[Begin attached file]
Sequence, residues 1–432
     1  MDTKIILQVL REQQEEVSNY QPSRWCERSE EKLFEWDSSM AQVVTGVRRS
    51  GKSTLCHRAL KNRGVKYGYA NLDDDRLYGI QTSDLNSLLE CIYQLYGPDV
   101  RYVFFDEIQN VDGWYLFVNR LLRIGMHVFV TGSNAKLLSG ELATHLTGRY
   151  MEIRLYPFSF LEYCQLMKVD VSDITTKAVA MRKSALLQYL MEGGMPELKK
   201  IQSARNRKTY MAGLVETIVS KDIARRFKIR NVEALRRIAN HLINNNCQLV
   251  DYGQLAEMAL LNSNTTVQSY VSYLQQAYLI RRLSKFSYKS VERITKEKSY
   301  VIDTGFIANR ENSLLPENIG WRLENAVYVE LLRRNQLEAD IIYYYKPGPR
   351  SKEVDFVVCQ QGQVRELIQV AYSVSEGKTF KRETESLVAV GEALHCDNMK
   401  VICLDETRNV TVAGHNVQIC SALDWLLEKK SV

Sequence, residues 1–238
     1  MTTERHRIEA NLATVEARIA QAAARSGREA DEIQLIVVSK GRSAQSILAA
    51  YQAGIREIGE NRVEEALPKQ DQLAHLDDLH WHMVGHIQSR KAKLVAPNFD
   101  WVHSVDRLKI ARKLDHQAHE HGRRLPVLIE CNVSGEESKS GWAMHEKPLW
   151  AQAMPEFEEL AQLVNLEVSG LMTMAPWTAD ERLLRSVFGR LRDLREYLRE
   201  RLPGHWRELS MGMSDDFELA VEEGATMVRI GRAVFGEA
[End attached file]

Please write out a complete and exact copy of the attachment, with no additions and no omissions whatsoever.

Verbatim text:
Sequence, residues 1–432
     1  MDTKIILQVL REQQEEVSNY QPSRWCERSE EKLFEWDSSM AQVVTGVRRS
    51  GKSTLCHRAL KNRGVKYGYA NLDDDRLYGI QTSDLNSLLE CIYQLYGPDV
   101  RYVFFDEIQN VDGWYLFVNR LLRIGMHVFV TGSNAKLLSG ELATHLTGRY
   151  MEIRLYPFSF LEYCQLMKVD VSDITTKAVA MRKSALLQYL MEGGMPELKK
   201  IQSARNRKTY MAGLVETIVS KDIARRFKIR NVEALRRIAN HLINNNCQLV
   251  DYGQLAEMAL LNSNTTVQSY VSYLQQAYLI RRLSKFSYKS VERITKEKSY
   301  VIDTGFIANR ENSLLPENIG WRLENAVYVE LLRRNQLEAD IIYYYKPGPR
   351  SKEVDFVVCQ QGQVRELIQV AYSVSEGKTF KRETESLVAV GEALHCDNMK
   401  VICLDETRNV TVAGHNVQIC SALDWLLEKK SV

Sequence, residues 1–238
     1  MTTERHRIEA NLATVEARIA QAAARSGREA DEIQLIVVSK GRSAQSILAA
    51  YQAGIREIGE NRVEEALPKQ DQLAHLDDLH WHMVGHIQSR KAKLVAPNFD
   101  WVHSVDRLKI ARKLDHQAHE HGRRLPVLIE CNVSGEESKS GWAMHEKPLW
   151  AQAMPEFEEL AQLVNLEVSG LMTMAPWTAD ERLLRSVFGR LRDLREYLRE
   201  RLPGHWRELS MGMSDDFELA VEEGATMVRI GRAVFGEA